“Let men even, at the present day, wear gold upon the arms in form of bracelets known as dardania, because the practice first originated in Dardania, and called viriolæ in the language of the Celts, viriæ in that of Celtiberia, let women wear gold upon their arms and all their fingers, their necks, their ears, the tresses of their hair.”Pliny the Elder, Roman historian, 23 – 79 CE
It is thought that the various Celtic nations painted, tattooed or scarred themselves or possibly a combination thereof. The Scotti or Picts were often called ‘scarred and painted men’ while the Britons were said to dye themselves with blue colored ‘woad’ the plant known as Isatis tinctoria. References were made possibly referring to both, temporary paint as well as puncturing the skin to make a more permanent tattoo.42,43 Caesar quite famously said in the 1st century BCE, “All the Britons, indeed, dye themselves with woad, which occasions a bluish color, and thereby have a more terrible appearance in fight.”44 Although, undoubtedly there is a recipe including this herb that is lost in time. Interestingly, ash takes on a blue hue after it dries on the body. There may have been some combination of ash, woad and possibly even liquid metal such as liquid copper in order for the ‘paint’ to stay successfully on the body if they were not puncturing the skin to make the coloring (of ash and woad) permanent. Pliny also went on to say later in the 1st century, “There is a plant in Gaul, similar to the plantago in appearance, and known there by the name of “glastum:” with it both matrons and girls among the people of Britain are in tile habit of staining the body all over, when taking part in the performance of certain sacred rites; rivalling hereby tile swarthy hue of the Æthiopianls, they go in a state of nature.”45 It is also mentioned by translators that Pliny was specifically referring to puncturing the skin and using color to permanently tattoo themselves. Pliny also mentioned an interesting recipe for the color blue he called chrysocolla which may have been malachite, “…hydrated dicarbonate of copper, pounded and sifted and mixed with alum and woad.”46 Another possibility was written by Roman architect Vitruvius Pollio in the 1st century BCE when he referred to various colored Greek recipes,“Again, for want of indigo, they dye Selinusian or anularian chalk with woad, which the Greeks call ἰσάτις, and make an imitation of indigo.”47 This possibility is also credible given that the use of chalk is mentioned as already quoted as being a means for the various Gaulish nations to spike their hair.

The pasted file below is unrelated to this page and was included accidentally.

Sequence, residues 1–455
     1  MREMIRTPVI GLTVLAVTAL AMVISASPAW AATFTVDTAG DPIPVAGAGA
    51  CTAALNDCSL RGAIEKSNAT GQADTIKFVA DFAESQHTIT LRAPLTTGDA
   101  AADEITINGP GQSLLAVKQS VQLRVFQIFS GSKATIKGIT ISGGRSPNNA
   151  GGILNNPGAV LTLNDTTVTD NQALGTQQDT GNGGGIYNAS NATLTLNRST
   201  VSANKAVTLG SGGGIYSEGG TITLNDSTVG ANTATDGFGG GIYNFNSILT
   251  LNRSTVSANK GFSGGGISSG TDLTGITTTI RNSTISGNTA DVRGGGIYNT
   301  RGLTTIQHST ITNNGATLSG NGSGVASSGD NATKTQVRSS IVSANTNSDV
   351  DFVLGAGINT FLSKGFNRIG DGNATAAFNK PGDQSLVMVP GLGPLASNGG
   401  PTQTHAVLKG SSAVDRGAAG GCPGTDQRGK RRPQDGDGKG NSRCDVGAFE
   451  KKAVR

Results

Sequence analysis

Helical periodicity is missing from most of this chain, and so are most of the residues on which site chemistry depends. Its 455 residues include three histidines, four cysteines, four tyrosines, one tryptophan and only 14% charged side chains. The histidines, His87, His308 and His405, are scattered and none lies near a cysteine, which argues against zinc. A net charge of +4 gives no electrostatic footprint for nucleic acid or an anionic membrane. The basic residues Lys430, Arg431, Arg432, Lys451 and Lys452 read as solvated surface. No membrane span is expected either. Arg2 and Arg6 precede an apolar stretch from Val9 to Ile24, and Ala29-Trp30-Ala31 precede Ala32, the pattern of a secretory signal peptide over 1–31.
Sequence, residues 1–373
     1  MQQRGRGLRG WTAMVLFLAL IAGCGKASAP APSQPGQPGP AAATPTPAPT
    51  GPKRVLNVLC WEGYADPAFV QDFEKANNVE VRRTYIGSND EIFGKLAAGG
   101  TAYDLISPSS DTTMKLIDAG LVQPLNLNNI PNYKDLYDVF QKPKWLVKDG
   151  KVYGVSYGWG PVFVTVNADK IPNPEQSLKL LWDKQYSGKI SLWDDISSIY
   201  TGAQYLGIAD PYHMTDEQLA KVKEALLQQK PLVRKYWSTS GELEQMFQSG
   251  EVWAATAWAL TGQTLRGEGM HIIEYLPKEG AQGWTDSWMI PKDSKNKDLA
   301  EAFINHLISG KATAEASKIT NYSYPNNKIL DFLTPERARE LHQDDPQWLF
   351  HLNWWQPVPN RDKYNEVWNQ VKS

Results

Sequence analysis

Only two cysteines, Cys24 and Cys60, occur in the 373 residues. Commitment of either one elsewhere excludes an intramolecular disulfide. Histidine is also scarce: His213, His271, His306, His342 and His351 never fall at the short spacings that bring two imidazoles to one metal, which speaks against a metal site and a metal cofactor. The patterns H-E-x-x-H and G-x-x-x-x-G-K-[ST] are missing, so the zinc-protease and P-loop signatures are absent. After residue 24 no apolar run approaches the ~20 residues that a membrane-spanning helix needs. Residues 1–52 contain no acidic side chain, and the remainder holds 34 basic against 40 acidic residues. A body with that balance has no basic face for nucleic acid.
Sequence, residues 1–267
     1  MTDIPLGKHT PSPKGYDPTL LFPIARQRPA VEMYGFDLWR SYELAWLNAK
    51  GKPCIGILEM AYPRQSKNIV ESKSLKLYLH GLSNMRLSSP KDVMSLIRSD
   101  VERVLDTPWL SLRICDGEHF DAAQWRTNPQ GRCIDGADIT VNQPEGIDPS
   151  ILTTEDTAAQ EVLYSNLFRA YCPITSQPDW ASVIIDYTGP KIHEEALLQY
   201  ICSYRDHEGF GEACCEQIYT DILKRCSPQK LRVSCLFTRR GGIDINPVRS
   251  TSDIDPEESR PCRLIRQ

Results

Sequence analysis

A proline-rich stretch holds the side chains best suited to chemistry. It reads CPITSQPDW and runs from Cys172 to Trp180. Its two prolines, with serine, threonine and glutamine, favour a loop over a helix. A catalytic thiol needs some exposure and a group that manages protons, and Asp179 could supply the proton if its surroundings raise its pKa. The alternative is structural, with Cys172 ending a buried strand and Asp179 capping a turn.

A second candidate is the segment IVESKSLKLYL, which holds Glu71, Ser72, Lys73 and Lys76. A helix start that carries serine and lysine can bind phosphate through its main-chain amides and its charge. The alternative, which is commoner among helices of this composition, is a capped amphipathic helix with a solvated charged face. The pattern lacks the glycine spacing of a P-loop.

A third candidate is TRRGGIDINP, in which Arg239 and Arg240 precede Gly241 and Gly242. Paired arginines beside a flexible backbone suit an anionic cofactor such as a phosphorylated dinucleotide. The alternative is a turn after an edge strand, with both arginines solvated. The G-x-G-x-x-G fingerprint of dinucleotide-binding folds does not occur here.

The best evidence for scarification comes from Gaulish coins as many depictions show spirals seemingly embedded in the skin and that Caesar said himself they had “designs carved into their faces by iron”.48 One of the best quotes affirming both tattooing as well as scarification comes to us from Herodian, a Syrian historian who mentioned in the 2nd century that the Britons “…puncture their bodies with pictured forms of every sort of animals; on which account they wear no clothing, lest they should hide the figures on their body.”49 Gaius Solinus, a Latin historian additionally went on in the 3rd century to say that, “That region is partly held by barbarians, who from childhood have different pictures of animals skillfully implanted on their bodies, so that as the man grows, so grow the marks painted on him; there is nothing more that they consider as a test of patience than to have their limbs soak up the maximum amount of dye through these permanent scars.”50 As far as evidence for tattooing in the archaeological record, there have at minimum been examples uncovered on Scythian bodies displaying various tattooed animals whom we know were connected and trading with Celtic nations.51 It’s worth mentioning here as well that the oldest discovered tattooed body is that of Ötzi the Iceman, discovered in the Ötztal Alps between Austria and Italy who lived sometime between 3400 and 3100 BCE. He has 61 tattoos total, 19 groups of black lines made by puncturing the skin repeatedly and rubbing with ash. Archaeologists speculate these tattoos may have been for medicinal or spiritual purposes.
The clothing was quoted as being brightly colored, often in plaids, stripes or with fringe accents. Both the Roman Pliny and Greek Diodorus in the 1st century BCE mention the Gauls as wearing checkered designs on their clothing. It was said to be many varied colors and they wore breeches, called bracae. They fastened cloaks to their shoulders with a fibula or brooch that was heavy in the winter and light in summer.52 Pliny specifically mentions that the tartan or plaid design was first created and used in Gaul.53 The Roman poet Virgil, also in the 1st century BCE left us a wonderful quote describing the Gaulish attire going into battle where he said, “Outside, besieging Gauls climbed the thorny pathway, ambushed in shadow and the friendly dark of night without a star; their flowing hair was golden, and every item of their clothing was gold; their cloaks were glittering plaid; each milk-white neck bore circlet of bright gold; in each man’s hand two Alpine javelins gleamed, and the wild northern warriors bore long shields for defense.”54 The plaid design known as breacán in Irish Gaeilge and breacan in Scots Gaelic is a wonderful remnant of this ancient design although it’s still unclear where the original tartan design began as we can’t take one Roman’s word on it.